Public sector reform

During the 2022 federal election campaign, the Labor Party included improving the Australian Public Service (APS) within its raft of policy commitments. Since the election, Labor’s Minister for the Public Service, Katy Gallagher, has appointed Gordon de Brouwer as Secretary for Public Sector Reform. This Flagpost article examines the key issues likely to influence plans for reform, taken from the ALP’s policy positions, inquiries initiated by the previous Government, and other related issues.


Labor commitments


During the 2022 election campaign, Labor committed to abolish the Average Staffing Level cap, because it had ‘impacted on services provided to Australians, eroded public sector capability, reduced job security and wasted taxpayer funds’. Labor also promised to cut spending on external private labour (contractors, consultants and labour hire) by $3 billion over four years, with a 10% cut in the first year. However, a recent Senate inquiry report into APS capability noted the limited availability of APS labour hire data, including expenditure and headcount.


Labor also proposed an APS employment audit and an intention to convert some labour hire, casual or contract roles into ongoing APS employment. This may not be straightforward, as The Mandarin has observed that consultants and contractors are ‘entrenched’ in agencies’ work structures, due to increased workloads and static staffing levels.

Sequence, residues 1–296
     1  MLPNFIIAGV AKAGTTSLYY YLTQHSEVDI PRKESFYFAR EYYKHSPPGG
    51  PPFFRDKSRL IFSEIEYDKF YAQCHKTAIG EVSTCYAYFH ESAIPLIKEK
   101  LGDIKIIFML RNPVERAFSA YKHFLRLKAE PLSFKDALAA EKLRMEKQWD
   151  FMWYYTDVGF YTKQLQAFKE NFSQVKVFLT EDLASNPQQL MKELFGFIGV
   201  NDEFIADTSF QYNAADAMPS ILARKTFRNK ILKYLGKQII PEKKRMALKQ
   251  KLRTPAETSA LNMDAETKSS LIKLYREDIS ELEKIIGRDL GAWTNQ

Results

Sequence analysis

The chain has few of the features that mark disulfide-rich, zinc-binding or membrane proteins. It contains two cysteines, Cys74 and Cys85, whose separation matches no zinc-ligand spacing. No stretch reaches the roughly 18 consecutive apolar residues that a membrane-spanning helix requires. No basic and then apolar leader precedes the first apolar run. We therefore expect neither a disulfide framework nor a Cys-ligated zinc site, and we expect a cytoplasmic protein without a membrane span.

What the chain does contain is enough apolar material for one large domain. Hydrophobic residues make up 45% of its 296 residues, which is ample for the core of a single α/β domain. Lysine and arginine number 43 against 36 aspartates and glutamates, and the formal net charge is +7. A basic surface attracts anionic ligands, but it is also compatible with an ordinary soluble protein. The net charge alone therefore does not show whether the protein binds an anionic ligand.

Two inquiries instigated by the new Government will also have implications for public administration. The Terms of reference of the Royal Commission into the Centrelink online compliance initiative (‘robodebt’) include departmental advice and processes around design, implementation, risk management, complaints handling, and internal scrutiny. The second is a ‘user audit’ of the myGov portal, which provides access to a range of Government services, and ‘will be conducted at arm's length from Services Australia and myGov but will be led by a senior public servant from within departmental resources’.


Reviews initiated by the previous Government


Labor’s reform agenda will also be informed by the reports of reviews commenced by the Coalition Government, most notably the 2019 report of the Independent review of the APS led by David Thodey. Noting 18 reviews of the APS in the ten years to 2018 (p. 59), the Thodey review made 40 recommendations, including several relating to the relationship between departments and ministers (recommendations 5, 11 and 24)ِ and ‘cross-swear[ing] ministers to departments’ (recommendation 30).

Recently, two reports arising from Thodey review recommendations were released.

The recommendations of performance audits published by the Auditor-General are also relevant to improved public sector performance. In August 2022, the Auditor-General highlighted cybersecurity, procurement, and grants administration as areas of particular concern.

Other issues of relevance

Several additional current processes relate to public sector reform, or public administration more broadly


Flagpost is a blog on current issues of interest to members of the Australian Parliament

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